In a new documentary series uncovering stories from the left field, Jolyon Jenkins reports on the extreme treatments bald men are putting themselves through. They are commissioning laboratories in China to manufacture unproven, untested, and potentially dangerous drugs to cure their hair loss. Is it a hiding to nothing or will they succeed where the drug companies haven't?
Men have always gone bald but now they're not putting up with it. An explosion of online forums has created a "hair loss community". "It's a silent epidemic", says Spencer Kobren, founder of The Bald Truth forum. "Hair loss doesn't physically hurt, but we liken it to a cancer of the spirit". Kobren runs a weekly radio show in which callers express their pain and frustration. Joe isn't sure whether it would be worse to have actual cancer: "I'd rather have one or two good years of hair," he says. "I want to hear the birds sing, I want to walk on the beach, I want to be free of this terrible disease."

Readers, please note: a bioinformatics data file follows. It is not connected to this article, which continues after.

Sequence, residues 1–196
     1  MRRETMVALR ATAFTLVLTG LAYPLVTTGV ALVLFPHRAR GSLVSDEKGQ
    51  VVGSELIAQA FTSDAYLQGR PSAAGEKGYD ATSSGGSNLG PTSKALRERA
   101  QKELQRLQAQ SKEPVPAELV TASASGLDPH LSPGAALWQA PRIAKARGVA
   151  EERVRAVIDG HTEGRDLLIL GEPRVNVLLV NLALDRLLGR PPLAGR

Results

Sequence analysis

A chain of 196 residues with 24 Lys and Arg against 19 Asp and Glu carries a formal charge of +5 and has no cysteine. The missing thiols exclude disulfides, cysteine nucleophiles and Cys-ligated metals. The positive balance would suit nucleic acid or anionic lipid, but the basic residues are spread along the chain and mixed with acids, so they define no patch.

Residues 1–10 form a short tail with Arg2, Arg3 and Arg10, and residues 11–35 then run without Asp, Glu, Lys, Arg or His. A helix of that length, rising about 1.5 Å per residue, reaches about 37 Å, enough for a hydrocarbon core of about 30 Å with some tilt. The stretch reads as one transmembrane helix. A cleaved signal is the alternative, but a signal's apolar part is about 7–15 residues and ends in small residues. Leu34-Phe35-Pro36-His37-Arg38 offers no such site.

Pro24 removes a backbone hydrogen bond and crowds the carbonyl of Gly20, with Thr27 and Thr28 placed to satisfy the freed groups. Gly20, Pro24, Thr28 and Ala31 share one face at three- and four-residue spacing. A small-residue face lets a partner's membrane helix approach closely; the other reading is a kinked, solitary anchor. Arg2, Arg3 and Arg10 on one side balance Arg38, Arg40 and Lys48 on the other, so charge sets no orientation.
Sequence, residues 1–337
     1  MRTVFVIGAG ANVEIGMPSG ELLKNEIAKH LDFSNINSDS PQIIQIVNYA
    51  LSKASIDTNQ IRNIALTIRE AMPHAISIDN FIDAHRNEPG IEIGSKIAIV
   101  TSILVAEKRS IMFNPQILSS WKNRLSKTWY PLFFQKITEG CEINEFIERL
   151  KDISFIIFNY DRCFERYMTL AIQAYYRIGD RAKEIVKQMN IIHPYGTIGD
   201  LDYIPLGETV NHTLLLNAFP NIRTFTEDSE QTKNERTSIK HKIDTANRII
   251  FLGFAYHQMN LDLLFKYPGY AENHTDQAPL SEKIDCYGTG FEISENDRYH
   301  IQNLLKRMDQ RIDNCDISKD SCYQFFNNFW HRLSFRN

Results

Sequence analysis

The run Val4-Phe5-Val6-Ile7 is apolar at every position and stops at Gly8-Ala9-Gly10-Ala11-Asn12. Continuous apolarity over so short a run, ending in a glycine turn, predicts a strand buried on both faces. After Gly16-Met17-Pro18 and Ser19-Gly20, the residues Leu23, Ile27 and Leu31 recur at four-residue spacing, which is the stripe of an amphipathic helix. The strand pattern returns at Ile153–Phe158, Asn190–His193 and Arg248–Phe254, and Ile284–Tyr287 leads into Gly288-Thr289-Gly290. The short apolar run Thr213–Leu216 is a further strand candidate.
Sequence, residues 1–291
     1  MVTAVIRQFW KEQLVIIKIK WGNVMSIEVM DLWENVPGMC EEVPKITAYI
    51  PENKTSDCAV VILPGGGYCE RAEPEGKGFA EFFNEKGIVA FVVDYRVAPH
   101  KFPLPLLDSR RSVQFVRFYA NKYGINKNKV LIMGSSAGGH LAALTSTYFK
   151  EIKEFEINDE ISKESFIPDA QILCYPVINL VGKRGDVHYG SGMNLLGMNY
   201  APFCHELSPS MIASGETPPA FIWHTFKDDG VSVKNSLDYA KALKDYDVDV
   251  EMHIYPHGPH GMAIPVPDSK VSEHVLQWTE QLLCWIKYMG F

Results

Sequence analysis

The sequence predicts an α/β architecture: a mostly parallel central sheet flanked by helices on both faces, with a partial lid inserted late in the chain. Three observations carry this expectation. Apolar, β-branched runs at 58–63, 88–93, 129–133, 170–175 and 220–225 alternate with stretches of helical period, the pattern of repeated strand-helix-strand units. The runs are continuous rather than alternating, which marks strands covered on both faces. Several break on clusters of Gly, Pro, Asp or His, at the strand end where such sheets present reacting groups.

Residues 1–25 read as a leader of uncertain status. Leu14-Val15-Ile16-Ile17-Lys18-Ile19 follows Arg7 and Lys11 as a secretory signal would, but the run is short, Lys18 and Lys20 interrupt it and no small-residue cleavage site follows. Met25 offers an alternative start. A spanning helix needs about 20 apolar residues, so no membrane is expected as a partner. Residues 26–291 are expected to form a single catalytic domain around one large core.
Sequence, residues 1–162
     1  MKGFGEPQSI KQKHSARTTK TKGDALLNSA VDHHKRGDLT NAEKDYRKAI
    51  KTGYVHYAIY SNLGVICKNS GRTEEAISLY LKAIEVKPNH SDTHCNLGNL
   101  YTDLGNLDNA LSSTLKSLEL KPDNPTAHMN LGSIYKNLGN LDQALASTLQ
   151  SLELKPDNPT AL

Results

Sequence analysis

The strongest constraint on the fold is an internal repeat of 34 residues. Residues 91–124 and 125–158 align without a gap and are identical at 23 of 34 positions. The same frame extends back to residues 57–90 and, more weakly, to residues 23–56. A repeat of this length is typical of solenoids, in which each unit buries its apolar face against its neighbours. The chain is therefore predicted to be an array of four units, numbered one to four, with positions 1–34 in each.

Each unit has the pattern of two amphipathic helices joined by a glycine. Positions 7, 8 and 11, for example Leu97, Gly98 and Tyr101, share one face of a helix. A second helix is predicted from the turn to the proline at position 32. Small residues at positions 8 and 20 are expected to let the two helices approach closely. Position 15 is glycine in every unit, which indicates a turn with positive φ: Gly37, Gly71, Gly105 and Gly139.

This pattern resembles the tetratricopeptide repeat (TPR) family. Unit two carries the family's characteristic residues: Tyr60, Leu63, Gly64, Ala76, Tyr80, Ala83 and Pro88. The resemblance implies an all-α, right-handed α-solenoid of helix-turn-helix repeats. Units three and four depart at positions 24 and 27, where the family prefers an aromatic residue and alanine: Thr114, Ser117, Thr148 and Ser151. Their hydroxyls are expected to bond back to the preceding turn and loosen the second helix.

In an attempt to deal with encroaching baldness, some young men are reading up on the latest medical research into hair loss and seeking out chemists to manufacture molecules they hope will work. There's no guarantee that the chemicals they are buying are pure, and the buyers have no real idea of the correct dose; but it speaks to their desperation. Some of them report unpleasant side effects. Few of them can show convincing hair regrowth.
Presenter Jolyon Jenkins, a "hair loss sufferer" for two decades, investigates this subculture. Along the way he has a consultation for a hair transplant (£10-£15,000) and looks into "hair systems" - or as some call them, wigs. Does loss of hair really decrease a man's attractiveness significantly? And how did a normal part of being a man become a debilitating disease?